Know Your Poison: Lectins

Plants, unlike animals, cannot run away from predators. To defend themselves from herbivores, insects, fungi and other threats, they produce toxic defense chemicals. One of them is known as lectins.

Lectins are a plant defense mechanism that mainly protect the seeds, but can be found in other parts of the plant as well. As with anything living, the highest priority of the entity is reproduction. Therefore, seeds tend to have a higher concentration of antinutrients and other harmful chemicals. The antinutrients are simply a way for the seeds to absorb minerals that they need to grow into a plant. If someone is stupid enough to consume these seeds, the antinutrients will simply do its job and absorb minerals while traveling throughout the digestive tract – and the idiot consuming the seeds will gain nothing of nutritional value, just lose some minearls.

Lectins on the other hand is more of a defense chemical. Actually, lectins are so effective that today’s modern crops are genetically modified to produce higher concentrations of lectins to better fight off pests. This might sound good if you want to make big bucks growing crops in hostile environments, but once you realize that these toxic chemicals are present in most human-made Frankenstein-foods that you might end up consuming, you can literally feel your health and longevity fading away. This is pure poison!

As part of a defense system, lectins are highly inflammatory, and resistant to cooking and digestion. This means that they pass right through the gut where they wreak havoc. Although lectins are big carbohydrate-binding proteins that at first contact can’t get through our intestinal wall, they are very sticky and easily attach themselves. Once connected to the intestinal wall, these big lectin proteins start doing damage by blocking nutrients from getting access through the wall to the inside (especially calcium, iron, phosphorus, and zinc). This ‘sticky’ ability can also cause cells to clump together. For example, when lectins reach the bloodstream, blood cells can start to clump together, forcing the body to get rid of them (which can cause anemia, which we often see in vegans).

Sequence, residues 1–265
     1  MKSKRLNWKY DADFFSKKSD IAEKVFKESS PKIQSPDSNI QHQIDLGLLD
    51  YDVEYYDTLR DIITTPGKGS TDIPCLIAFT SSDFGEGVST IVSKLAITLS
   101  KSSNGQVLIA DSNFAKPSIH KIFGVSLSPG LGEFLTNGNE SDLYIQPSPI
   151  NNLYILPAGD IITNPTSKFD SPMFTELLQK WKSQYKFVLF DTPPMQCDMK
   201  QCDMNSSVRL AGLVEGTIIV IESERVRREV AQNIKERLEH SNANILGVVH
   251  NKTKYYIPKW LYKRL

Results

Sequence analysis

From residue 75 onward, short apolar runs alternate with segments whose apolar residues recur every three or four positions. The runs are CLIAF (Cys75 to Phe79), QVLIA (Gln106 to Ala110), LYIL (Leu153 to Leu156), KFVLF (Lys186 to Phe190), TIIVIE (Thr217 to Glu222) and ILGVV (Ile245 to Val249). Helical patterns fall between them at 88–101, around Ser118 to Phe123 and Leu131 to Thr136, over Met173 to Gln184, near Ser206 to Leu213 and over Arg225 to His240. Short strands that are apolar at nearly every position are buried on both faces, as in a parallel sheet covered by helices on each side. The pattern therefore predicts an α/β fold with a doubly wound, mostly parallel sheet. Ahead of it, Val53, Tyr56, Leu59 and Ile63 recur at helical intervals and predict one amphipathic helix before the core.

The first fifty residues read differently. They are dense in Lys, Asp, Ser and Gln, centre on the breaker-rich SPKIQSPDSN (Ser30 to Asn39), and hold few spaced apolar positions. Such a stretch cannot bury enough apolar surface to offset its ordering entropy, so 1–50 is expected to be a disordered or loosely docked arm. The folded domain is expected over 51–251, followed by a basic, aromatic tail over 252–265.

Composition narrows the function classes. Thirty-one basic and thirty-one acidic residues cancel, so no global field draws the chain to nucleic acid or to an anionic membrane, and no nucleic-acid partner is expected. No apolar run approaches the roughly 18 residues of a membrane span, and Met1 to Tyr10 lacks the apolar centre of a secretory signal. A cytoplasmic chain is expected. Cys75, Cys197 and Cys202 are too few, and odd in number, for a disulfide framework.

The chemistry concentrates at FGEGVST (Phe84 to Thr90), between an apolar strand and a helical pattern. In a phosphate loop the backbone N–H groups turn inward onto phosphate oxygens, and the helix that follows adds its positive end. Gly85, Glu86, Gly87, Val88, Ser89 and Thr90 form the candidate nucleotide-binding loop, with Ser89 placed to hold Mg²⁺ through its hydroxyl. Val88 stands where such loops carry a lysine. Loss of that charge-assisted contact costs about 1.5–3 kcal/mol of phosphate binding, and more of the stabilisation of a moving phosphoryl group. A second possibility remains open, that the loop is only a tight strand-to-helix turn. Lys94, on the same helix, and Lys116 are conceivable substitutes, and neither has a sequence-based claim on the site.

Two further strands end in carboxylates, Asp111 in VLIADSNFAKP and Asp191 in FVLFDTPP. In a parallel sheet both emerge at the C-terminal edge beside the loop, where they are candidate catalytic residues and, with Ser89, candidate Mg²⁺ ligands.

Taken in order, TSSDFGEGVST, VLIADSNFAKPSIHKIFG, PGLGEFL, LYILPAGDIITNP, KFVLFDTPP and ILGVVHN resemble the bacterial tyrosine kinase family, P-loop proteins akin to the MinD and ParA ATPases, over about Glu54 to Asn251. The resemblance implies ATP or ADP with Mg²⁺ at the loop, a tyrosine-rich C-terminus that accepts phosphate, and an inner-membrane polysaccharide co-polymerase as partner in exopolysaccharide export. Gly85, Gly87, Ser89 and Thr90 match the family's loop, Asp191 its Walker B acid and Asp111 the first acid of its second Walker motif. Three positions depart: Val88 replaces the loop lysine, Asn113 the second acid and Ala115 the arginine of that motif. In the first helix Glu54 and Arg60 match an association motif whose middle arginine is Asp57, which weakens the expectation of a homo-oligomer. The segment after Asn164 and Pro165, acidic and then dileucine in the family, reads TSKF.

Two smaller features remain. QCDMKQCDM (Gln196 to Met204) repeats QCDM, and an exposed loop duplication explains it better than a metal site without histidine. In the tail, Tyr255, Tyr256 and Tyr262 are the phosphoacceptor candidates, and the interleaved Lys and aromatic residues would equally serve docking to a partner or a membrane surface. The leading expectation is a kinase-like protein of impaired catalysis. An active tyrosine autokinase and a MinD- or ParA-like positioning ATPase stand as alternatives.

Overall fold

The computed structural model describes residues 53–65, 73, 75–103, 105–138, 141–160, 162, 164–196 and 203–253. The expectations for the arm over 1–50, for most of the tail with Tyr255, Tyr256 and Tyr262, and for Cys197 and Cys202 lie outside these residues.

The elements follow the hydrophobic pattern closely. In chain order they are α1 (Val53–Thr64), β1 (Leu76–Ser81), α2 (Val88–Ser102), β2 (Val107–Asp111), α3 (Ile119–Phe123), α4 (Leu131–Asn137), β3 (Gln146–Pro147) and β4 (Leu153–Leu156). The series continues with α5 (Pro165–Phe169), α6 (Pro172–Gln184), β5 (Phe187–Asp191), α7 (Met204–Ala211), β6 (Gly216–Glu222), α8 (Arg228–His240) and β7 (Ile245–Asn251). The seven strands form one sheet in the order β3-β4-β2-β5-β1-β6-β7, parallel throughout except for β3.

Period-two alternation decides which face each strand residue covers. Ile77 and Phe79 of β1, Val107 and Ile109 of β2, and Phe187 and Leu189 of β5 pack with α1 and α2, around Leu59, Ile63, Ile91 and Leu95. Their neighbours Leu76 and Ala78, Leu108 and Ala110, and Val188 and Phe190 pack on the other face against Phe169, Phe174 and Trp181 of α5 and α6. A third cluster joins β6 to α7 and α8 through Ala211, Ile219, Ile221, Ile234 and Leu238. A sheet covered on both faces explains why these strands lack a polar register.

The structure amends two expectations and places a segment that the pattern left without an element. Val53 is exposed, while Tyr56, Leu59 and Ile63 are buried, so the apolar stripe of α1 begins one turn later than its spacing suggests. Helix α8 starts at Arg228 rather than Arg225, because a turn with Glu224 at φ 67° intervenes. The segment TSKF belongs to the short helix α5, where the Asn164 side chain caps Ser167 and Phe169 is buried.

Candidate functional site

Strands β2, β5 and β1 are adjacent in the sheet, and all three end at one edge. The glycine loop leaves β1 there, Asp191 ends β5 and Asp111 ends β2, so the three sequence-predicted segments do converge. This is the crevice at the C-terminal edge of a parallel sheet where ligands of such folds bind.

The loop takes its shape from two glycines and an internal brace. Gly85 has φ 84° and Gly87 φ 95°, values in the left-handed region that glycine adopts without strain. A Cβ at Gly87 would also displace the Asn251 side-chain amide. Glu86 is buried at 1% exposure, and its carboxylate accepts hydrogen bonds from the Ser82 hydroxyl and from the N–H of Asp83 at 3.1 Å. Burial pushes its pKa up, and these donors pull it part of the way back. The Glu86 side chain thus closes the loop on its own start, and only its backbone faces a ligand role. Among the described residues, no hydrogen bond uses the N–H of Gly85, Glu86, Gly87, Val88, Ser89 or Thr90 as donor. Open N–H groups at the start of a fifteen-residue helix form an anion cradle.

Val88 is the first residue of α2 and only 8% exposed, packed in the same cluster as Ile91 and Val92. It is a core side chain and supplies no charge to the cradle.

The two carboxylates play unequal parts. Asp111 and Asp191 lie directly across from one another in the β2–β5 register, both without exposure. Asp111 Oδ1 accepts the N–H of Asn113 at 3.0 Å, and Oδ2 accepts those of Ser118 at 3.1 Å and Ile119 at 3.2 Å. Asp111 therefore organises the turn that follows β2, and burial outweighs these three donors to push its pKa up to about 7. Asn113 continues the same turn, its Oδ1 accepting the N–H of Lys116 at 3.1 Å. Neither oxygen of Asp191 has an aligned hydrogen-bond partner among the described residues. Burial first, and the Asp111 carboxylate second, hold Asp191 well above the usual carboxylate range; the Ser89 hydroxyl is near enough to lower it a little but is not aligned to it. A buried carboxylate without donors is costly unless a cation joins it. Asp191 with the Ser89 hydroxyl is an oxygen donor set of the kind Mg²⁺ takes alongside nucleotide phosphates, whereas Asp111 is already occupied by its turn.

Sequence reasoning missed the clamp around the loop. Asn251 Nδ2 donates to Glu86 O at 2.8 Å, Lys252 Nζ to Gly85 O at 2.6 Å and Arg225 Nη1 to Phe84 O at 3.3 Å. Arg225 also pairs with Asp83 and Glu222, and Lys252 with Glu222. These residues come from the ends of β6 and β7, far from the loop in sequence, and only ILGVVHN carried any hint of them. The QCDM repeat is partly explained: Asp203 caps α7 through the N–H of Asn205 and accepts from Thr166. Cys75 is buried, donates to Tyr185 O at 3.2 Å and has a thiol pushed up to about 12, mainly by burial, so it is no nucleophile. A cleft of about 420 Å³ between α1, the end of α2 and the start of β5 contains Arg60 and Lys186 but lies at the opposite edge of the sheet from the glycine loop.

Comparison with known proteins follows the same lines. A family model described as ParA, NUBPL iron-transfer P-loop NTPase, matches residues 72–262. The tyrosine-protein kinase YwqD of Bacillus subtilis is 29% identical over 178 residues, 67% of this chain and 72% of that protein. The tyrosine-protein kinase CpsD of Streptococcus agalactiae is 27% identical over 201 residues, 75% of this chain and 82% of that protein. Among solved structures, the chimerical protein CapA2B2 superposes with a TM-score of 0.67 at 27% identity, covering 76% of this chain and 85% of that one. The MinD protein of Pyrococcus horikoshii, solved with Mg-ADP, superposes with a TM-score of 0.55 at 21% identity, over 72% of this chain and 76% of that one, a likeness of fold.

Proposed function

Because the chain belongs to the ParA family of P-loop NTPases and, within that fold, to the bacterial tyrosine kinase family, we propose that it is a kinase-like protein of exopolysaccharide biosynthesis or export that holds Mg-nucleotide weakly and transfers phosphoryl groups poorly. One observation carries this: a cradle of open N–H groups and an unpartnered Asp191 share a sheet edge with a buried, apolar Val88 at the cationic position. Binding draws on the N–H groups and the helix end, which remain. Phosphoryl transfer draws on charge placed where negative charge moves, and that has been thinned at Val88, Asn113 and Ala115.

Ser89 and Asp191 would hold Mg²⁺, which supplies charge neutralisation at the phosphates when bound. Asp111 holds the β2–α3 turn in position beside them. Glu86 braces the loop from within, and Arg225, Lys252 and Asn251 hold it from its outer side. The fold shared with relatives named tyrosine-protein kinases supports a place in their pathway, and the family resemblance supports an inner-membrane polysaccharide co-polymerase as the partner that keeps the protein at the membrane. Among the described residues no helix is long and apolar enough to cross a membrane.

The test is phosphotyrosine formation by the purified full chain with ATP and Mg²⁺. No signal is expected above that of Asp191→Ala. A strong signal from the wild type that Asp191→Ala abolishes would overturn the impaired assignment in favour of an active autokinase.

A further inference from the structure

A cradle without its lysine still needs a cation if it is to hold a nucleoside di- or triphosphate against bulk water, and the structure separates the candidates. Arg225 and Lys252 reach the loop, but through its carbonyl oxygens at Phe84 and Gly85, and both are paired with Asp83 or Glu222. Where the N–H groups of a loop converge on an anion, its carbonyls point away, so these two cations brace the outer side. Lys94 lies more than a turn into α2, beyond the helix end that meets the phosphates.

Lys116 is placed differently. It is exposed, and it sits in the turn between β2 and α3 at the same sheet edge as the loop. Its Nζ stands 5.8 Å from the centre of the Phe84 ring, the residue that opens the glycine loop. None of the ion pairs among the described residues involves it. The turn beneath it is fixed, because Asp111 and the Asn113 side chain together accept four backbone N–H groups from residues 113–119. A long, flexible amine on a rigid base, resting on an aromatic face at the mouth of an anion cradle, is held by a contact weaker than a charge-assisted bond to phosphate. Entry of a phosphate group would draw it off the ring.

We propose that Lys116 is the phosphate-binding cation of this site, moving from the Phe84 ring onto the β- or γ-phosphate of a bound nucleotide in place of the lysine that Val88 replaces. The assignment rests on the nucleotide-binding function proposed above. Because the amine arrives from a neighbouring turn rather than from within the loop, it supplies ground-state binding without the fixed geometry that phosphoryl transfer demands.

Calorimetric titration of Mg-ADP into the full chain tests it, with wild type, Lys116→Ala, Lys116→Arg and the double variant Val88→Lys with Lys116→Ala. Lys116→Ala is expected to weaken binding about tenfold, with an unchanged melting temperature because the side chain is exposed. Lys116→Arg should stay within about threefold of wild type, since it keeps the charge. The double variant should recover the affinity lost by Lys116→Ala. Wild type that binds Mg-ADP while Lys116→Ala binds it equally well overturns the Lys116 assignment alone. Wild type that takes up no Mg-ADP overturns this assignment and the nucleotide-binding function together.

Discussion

Once lectins have attached themselves to our intestine wall, they start to release zonulin, which tells our intestinal wall to start opening up the tight-junctions between the enterocytes. This is what causes leaky gut syndrome – allowing unwanted particles to get through our gut lining and enter our bloodstream, causing “immune responses” in the process (toxicity).

This increase in offenders in the blood will force the liver and kidneys to work a lot harder to filter them all out. As the gut-lining becomes increasingly damaged, the liver or kidneys may not be able to keep up with the constant flow of bacteria, pathogens, yeast, undigested macro-nutrients and waste products escaping through the gut lining.

While our body will try to get rid of them, lectins bind to carbohydrates or glycolipids and glycoproteins that stick off the membranes of our cells. This means that lectins can hook on to a normal healthy cell, and as a result, our body can mistakenly try to get rid of healthy cells. In other words, given enough time, lectins can cause what the medical establishment calls autoimmune disorder.

Leaky gut syndrome, with unwanted offenders reaching our bloodstream, seems to play a crucial role in the development of celiac disease, Crohn’s disease, ulcerative colitis, asthma, rheumatoid arthritis, psoriasis, chronic fatigue syndrome, and much more.

Lectins are also known for disrupting communication between cells. When one neuron is trying to relay a message to another neuron, lectins can block the transmission. This can result in symptoms like brain fog and decreased mental performance.

Another sinister way lectins interrupt communication is via interacting and modifying hormone functions. Lectins can interact with endocrine receptors, disrupting and changing hormone function.

Lectins are found in all plants, but legumes (beans, lentils, peas, soybeans, cashews, peanuts), nightshade (potatoes, peppers, eggplants, tomatoes, goji-berries), and whole grains (wheat, corn, quinoa) contain the highest amounts.

And no, don’t even bother with rinsing, soaking, sprouting, and cooking in order to try to eliminate lectins and other antinutrients and toxins. Yes, a small percentage will be removed, but so will any of the tiny amounts of nutrients that actually might exist in the plant – leaving you with a totally useless sludge of fiber and some toxins.

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